In Maryland and throughout the United States, more than 18 million people work in the health care industry. With so many individuals working in this field, 80 percent of whom are women, it is vital that they have a work environment that promotes safety and health. Nurses face many challenges related to injuries and illnesses. In fact, health care professionals are nearly twice as likely to suffer a workplace injury than private industry employees.
According to the Occupational Safety and Health Administration, during 2011 nearly 254,000 reports were made regarding workplace illnesses and injuries for hospital employees. Infectious diseases, needle sticks, back pain and an exposure to allergy-causing materials and toxic substances were the most common work-related illnesses nurses experience. The most common injuries included overexertion, running into something and tripping.
Because contact with sharp objects and needle sticks can expose health care workers to blood-borne pathogens, they pose a great danger to health and safety. The Centers for Disease Control and Prevention reported that 385,000 injuries from sharps occur yearly among nurses and other health care professionals working in hospitals. As a result, medical organizations are required by law to use safety caps with needles. Health care workers should also use caution when drawing blood from their patients, especially patients who have infectious diseases. Nurses who feel sleepy from working long shifts should use extra caution.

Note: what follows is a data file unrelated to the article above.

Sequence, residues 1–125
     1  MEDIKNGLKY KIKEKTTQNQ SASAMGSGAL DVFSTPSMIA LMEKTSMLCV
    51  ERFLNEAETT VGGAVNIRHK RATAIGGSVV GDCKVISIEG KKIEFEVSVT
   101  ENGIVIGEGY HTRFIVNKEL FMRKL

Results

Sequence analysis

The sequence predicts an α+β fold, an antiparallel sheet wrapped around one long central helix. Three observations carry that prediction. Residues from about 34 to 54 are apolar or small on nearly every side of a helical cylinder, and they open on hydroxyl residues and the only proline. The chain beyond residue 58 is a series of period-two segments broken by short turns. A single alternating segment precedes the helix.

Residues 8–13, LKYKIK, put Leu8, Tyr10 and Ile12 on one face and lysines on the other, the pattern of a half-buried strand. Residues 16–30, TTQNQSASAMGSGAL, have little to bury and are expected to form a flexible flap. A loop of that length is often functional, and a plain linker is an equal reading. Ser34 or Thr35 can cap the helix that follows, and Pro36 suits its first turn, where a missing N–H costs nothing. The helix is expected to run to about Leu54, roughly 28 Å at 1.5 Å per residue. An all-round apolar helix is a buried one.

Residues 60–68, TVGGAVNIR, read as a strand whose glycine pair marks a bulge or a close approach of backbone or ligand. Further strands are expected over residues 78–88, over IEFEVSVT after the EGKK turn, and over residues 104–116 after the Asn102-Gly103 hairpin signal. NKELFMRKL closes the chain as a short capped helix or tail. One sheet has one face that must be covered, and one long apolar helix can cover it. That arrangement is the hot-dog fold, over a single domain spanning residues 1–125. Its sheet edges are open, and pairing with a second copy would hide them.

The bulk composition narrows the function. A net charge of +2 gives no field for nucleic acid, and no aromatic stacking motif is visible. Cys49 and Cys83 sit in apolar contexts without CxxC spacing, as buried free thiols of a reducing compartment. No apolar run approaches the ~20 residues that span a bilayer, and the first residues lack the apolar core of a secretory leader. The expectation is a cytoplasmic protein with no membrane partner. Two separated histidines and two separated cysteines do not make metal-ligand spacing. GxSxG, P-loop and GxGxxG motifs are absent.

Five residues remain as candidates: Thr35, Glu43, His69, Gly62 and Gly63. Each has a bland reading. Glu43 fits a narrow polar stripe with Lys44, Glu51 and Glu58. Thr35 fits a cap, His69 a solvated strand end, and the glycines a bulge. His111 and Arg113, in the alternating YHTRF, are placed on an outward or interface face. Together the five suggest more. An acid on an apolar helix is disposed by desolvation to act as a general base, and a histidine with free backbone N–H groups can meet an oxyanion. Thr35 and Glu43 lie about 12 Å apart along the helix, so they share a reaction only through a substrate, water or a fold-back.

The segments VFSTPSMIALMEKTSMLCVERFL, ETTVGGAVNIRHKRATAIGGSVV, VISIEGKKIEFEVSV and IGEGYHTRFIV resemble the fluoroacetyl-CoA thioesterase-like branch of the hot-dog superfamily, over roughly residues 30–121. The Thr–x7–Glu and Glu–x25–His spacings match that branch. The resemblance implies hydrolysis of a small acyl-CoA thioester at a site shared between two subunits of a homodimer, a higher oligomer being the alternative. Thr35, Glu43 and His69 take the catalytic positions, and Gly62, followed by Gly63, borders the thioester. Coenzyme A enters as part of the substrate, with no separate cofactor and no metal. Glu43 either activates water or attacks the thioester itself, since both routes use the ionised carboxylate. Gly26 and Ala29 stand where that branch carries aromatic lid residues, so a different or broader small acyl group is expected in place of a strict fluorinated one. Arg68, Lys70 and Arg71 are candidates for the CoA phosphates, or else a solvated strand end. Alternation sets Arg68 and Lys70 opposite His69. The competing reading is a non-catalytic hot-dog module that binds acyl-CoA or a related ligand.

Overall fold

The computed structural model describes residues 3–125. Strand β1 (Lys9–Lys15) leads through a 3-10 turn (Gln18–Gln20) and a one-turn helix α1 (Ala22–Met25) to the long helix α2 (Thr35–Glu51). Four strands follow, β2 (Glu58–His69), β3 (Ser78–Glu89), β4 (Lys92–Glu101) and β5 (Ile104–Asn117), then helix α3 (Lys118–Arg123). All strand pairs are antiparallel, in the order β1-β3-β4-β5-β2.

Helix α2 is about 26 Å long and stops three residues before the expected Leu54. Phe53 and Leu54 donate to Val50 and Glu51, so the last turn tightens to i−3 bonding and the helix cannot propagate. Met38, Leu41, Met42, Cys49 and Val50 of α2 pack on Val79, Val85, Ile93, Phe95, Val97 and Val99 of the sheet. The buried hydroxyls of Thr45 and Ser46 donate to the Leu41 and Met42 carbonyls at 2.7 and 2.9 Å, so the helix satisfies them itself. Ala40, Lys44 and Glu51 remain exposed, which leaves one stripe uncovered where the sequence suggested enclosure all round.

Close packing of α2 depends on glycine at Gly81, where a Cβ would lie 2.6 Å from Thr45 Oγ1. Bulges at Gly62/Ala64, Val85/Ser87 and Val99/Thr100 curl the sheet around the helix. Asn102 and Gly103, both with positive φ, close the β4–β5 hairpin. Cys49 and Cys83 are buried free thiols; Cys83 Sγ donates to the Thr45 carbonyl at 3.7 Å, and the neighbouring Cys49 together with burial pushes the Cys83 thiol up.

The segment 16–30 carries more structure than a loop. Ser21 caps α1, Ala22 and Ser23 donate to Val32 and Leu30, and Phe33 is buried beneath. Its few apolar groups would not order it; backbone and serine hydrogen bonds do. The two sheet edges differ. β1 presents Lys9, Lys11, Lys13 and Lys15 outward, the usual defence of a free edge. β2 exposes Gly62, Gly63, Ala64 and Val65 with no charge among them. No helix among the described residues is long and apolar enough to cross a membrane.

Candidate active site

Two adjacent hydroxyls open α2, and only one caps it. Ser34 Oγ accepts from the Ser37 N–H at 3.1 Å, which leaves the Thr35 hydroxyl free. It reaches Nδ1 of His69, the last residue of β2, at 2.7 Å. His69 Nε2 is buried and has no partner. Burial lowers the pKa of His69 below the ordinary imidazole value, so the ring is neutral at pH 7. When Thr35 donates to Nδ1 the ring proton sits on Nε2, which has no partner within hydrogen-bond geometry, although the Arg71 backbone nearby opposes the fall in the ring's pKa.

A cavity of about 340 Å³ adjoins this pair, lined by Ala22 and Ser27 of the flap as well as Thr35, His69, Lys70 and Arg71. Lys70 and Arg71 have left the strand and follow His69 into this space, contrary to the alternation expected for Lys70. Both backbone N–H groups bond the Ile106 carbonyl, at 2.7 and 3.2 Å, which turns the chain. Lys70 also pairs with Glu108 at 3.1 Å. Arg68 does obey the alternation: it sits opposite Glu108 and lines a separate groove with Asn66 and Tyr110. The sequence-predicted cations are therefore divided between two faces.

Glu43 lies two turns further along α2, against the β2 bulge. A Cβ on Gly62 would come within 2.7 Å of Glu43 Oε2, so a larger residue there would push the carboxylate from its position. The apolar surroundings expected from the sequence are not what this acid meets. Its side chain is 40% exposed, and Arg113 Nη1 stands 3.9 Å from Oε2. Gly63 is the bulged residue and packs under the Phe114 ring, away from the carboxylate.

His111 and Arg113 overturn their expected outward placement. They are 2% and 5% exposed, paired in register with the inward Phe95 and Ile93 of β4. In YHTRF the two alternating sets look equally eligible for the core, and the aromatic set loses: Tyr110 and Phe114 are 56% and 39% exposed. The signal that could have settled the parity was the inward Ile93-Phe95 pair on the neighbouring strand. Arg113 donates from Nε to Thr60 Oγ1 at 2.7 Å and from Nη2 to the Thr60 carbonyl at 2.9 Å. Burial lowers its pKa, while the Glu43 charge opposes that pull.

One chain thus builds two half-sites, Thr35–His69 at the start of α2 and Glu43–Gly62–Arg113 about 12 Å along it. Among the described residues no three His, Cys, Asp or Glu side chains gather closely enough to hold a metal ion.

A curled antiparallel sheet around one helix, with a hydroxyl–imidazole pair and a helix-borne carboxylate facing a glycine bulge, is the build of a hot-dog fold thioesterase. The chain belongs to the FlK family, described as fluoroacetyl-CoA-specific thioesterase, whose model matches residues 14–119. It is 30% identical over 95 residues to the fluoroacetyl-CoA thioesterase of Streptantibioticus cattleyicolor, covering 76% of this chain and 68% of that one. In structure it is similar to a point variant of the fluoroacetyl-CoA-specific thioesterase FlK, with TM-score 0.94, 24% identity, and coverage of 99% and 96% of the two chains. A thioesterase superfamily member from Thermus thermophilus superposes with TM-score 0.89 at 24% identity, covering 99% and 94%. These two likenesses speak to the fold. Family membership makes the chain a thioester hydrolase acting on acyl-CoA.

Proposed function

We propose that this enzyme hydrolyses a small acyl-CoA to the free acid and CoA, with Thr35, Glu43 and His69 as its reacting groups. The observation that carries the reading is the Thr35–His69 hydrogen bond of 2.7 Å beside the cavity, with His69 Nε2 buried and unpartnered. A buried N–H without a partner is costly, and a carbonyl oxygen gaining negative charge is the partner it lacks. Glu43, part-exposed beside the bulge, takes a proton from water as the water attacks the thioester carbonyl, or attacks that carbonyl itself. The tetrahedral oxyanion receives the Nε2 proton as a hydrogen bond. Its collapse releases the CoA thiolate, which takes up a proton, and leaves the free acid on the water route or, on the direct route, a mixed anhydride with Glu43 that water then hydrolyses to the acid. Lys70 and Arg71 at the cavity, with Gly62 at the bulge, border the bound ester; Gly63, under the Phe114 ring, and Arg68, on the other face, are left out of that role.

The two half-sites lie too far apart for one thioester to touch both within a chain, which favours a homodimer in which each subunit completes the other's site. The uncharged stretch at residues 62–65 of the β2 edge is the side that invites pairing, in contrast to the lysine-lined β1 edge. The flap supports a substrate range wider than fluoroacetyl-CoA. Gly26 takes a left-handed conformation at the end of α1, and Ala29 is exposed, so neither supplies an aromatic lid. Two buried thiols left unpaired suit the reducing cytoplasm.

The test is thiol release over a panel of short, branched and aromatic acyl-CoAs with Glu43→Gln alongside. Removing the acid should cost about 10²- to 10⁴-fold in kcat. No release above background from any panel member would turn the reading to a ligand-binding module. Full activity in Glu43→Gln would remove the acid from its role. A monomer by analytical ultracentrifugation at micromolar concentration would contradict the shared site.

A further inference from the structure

Nurses are exposed to many health risks at the workplace, and their employers are responsible for providing a safe working environment. A health care professional who suffers a workplace injury or illness has the right to file for workers’ compensation benefits as an indemnity for work-related losses.
Source: Minority Nurse, “Workplace Health and Safety Tips for Nurses,” Rachel Oliver, June 14, 2016
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